• Matt Stover's novelization wisely leaves out the Big "NO!", adds a fleeting moment of Never My Fault, and rather than throwing a tantrum has him immediately try to kill Sidious—but he's lost so much of his power that he can only destroy droids and equipment, he can't even touch Sidious—and in the end he doesn't want to, because now this is all he has left. The only person who will understand, and forgive, and gather him up.
    • Vader also seems to have an unspoken moment before he finally decides he Must Make Amends and intervenes to prevent the Emperor from killing his son in Return of the Jedi, redeeming himself in the process.
  • In The Mummy, at the first sign of Imhotep's resurrection; a spontaneous plague of locusts; the Egyptologist says, "What have we done?" as he's covered with the damn things.
  • This happens on two different occasions in What's Eating Gilbert Grape?. At the beginning of the movie, Arnie - the mentally challenged young man - kills a grasshopper by beheading it, and then cries to Gilbert about it. Later on in the movie, Gilbert loses his cool - leading him to slap Arnie around, after being so protective of him.
  • Gene Wilder gets one in Young Frankenstein. On the DVD commentary, Brooks says this was to keep the film in the structure of classic Yiddish theater, where act two always ends with either "What have I done?" or "She's pregnant!"
  • In Sweeney Todd: The Demon Barber of Fleet Street, Sweeney gets one of these — in musical form — after he discovers that the beggar woman he killed was his wife Lucy.
  • Hilariously subverted in A Dog's Breakfast. Patrick wants to kill his future brother-in-law, Ryan. Ryan offers to help him chop wood by holding the wood steady for him. Patrick lifts his axe up, clearly intending to render Ryan in two. We cut to a shot of the woods just as we hear a dull thunk, complete with blood curdling scream. We then cut back to Patrick's face who whispers: "What have I done?".....only to watch him collapse in pain as we realise that he's actually hit himself in the leg with the axe's handle by accident.
  • Planet of the Apes has a "What have ''you'' done?" moment: "So we finally, really did it. YOU MANIACS! YOU BLEW IT UP! AH, DAMN YOU! GOD DAMN YOU ALL TO HELL!"
  • In Repo! The Genetic Opera, Nathan says this twice after confessing that his daughter is not sick, rather he has been poisoning her in order to keep her from ever leaving him, once without the My God, and the last time with the My God.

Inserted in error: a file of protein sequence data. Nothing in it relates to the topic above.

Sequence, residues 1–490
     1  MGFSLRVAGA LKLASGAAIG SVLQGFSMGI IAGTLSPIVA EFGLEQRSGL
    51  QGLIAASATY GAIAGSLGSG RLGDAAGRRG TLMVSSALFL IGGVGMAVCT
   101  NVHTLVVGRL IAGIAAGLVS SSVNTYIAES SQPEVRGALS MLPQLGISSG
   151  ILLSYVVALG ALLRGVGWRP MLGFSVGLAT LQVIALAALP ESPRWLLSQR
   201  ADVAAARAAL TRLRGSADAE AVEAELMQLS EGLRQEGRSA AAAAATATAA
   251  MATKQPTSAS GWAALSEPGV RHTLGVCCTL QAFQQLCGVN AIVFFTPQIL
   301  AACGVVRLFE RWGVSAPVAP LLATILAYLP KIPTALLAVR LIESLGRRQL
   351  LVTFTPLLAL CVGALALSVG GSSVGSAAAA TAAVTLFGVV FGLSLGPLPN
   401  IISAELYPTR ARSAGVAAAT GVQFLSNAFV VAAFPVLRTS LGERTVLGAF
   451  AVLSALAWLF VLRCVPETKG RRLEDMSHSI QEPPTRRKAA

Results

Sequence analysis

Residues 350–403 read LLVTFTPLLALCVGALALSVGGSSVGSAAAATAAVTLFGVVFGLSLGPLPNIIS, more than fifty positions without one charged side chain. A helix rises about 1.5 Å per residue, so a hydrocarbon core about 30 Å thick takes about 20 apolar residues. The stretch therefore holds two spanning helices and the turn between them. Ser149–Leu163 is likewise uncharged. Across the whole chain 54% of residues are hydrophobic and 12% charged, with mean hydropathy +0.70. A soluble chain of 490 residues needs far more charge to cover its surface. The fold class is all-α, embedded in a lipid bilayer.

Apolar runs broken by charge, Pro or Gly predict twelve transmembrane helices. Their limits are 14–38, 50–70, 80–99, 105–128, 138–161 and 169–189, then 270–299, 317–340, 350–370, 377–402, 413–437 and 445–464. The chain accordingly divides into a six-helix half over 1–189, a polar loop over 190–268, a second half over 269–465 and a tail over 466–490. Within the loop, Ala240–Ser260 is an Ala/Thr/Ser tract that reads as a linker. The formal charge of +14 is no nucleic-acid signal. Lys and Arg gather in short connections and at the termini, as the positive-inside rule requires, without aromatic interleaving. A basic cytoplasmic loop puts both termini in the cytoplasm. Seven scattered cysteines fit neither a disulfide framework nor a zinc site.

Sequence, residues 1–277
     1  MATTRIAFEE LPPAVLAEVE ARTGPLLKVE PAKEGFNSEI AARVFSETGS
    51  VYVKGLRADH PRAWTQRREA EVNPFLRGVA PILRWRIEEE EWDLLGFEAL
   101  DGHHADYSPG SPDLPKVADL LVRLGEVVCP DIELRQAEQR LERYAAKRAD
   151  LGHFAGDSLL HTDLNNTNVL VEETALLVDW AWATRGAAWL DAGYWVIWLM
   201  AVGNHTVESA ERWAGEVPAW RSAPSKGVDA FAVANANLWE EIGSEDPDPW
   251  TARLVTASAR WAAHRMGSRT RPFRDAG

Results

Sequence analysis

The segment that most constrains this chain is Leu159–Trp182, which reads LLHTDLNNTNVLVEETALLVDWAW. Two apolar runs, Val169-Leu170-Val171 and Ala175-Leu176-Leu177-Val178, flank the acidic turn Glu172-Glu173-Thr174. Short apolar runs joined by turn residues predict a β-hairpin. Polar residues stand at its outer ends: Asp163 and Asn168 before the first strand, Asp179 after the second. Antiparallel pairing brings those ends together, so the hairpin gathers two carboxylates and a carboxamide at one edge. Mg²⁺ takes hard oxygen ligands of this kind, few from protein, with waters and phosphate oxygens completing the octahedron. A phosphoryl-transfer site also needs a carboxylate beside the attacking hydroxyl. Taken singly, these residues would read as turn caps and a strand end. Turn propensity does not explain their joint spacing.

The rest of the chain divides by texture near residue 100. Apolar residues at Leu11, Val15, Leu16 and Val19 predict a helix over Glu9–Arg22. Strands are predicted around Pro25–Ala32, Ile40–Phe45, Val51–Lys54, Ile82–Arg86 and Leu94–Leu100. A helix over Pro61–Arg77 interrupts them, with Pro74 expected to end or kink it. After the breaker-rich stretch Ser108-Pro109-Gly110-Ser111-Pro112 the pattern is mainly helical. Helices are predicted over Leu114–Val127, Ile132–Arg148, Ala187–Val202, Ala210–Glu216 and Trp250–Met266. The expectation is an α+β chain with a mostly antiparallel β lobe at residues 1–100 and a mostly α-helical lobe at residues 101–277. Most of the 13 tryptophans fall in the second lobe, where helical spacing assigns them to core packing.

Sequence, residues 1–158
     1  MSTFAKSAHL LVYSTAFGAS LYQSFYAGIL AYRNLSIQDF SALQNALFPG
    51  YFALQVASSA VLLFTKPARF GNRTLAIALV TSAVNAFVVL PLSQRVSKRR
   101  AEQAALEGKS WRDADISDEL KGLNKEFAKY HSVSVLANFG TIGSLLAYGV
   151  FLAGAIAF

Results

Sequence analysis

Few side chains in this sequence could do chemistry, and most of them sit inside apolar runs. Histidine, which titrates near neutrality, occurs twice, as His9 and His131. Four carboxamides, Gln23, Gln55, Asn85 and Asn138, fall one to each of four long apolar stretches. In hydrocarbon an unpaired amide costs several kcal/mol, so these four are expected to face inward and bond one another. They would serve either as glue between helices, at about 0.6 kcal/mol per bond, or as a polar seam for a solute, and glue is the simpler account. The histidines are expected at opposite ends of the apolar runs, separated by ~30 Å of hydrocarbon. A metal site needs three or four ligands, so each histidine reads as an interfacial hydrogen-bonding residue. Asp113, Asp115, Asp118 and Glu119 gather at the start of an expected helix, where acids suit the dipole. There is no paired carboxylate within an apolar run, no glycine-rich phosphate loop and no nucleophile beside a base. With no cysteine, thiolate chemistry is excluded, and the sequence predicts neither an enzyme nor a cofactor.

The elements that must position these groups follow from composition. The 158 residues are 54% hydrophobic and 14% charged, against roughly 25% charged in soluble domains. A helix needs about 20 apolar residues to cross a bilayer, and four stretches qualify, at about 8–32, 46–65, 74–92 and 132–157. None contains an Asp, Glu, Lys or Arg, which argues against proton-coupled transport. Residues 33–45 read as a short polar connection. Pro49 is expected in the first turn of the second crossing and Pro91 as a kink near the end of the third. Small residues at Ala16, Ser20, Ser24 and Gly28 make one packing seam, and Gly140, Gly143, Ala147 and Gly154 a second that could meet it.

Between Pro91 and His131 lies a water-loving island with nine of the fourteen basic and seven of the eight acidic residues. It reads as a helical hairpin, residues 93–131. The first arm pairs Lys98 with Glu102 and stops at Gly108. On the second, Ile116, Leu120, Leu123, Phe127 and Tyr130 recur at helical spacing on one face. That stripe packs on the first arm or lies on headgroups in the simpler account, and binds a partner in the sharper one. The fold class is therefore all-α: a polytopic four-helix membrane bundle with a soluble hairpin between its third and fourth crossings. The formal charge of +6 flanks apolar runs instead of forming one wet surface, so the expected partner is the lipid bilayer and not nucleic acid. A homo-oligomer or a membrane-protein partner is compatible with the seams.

• In TMNT (2007), during Raphael's fight with Leonardo, he manages to break Leonardo's swords, and then pin Leonardo down to the ground, and then, he realizes what he's doing, and runs off, only to come back to save Leonardo from the Stone Generals, but fails miserably.
  • In Fluke, after Fluke attacks Jeff whilst the latter is driving, causing them to crash, he finally recovers his memories, and realises that when he was alive as a man he'd been quite the Jerkass to Jeff, and it wasn't Jeff's fault that Fluke/Tom had died. This later fuels Fluke's I Want My Beloved to Be Happy stance.
  • General Hein in Final Fantasy: The Spirits Within, after letting the aggressive, nigh-invulnerable Phantoms into a large human population center. It doesn't make him join the heroes, though.
  • The Operative at the end of Serenity.
  • In A Christmas Story, Ralphie's parents are reduced to tears after finding out that the cause of Ralphie's blindness is from soap poisoning. (Earlier in the movie, Ralphie had been punished for swearing, and had his mouth washed out by Lifebuoy soap.) Of course, this is all Ralphie's daydream.
  • Event Horizon. Baby Bear is released from his trance just as the airlock is about to open. His reaction upon realizing where he is is upsetting, to say the least.
  • The Mist. The protagonist shoots his son, two elderly people and the heroine after realizing that they have nowhere left to run, but runs out of bullets before he can off himself. After getting out of the car to let the creatures kill him, the military then comes from behind and cleans out the mist, effectively ending the whole ordeal. Had they waited a minute longer, there would've been no need for them to die. Oops.
  • Avatar. The look on Selfridge's face as he watches the destruction of Hometree shows that he finally realizes what an asshole he is. Despite this, he still doesn't make a Heel-Face Turn.
  • After his Batman Gambit is pulled off succesfully, and the title character of Fresh ends up with what he wanted for himself and his sister, he goes to meet his father, and just starts crying uncontrollably. Understandable, since although most weren't nice people, he just got about 10 people killed as part of the gambit. And he is 12 years old...